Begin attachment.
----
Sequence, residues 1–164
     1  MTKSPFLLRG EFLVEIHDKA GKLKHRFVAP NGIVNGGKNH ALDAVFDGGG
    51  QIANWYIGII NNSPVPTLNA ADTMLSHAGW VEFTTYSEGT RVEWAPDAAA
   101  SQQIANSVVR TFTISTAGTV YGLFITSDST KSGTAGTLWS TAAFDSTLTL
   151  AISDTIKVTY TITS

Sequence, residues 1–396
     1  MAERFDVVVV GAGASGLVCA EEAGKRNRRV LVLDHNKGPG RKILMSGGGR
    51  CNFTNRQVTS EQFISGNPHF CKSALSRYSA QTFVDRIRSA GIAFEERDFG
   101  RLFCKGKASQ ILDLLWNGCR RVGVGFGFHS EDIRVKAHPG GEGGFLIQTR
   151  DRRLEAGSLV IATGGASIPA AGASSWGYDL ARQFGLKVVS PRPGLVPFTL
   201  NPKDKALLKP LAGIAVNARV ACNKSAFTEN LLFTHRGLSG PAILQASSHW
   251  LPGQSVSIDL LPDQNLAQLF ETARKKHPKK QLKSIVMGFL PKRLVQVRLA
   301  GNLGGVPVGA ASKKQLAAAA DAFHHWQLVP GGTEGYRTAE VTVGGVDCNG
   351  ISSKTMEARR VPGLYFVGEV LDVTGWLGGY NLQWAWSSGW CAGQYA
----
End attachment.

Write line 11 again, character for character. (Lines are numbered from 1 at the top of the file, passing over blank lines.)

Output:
   201  NPKDKALLKP LAGIAVNARV ACNKSAFTEN LLFTHRGLSG PAILQASSHW